THE 'UBIER MONUMENT'
The so-called Ubier Monument, the 'Monument of the Ubii' (the local Germanic tribe) was discovered in 1965 when a house was built on the site. It is preserved to a height of 6 m and marks the southeast corner of the later Roman colony. Remains of the late 1st century city wall are still attached to the structure, which is almost a century older. Originally, the monument was at least 12 m high. Its foundations were set in the former flood plain of the Rhine, 6 m lower than street level in Roman times. Stability was ensured by ramming a grid of oak piles into the underlying gravel to bear a cement-like base made of greywacke and lime mortar (opus caementitium). On this was erected the tower made of large tuff blocks. Analysis of the wood in the pile grid allowed the structure to be dated to AD 4/5. When the city wall was built at the end of the 1st century, part of the tower was demolished and the rest integrated in the new wall. The original purpose of the structure is debated. It was probably part of an earlier fortification of the Oppidum Ubiorum at the entrance to the Rhine harbour.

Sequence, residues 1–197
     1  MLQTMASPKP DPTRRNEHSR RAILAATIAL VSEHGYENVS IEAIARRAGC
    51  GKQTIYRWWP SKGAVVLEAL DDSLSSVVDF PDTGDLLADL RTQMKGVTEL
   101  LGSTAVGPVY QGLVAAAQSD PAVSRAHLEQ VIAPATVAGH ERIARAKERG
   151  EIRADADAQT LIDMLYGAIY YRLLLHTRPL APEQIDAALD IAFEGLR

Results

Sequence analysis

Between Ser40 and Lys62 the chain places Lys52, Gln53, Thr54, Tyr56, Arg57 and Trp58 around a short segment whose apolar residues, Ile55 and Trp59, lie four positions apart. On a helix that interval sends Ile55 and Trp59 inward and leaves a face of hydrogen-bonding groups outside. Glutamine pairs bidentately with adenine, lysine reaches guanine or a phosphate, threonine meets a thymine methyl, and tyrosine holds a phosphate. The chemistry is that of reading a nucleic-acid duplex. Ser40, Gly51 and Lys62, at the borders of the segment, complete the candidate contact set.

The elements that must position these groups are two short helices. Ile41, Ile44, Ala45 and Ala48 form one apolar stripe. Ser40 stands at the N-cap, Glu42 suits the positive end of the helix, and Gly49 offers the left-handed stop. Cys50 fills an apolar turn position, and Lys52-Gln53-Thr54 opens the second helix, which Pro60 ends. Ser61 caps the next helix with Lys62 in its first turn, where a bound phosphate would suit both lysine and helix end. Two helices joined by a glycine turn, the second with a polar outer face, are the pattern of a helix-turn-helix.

CONTACT & INFORMATION
The 'Ubier Monument' is open to the public every first Thursday of the month, from 2 p.m. to 5 p.m. Entrance free.
Individual and group tours can be booked with the Museumsdienst: email@example.com.
An der Malzmühle 1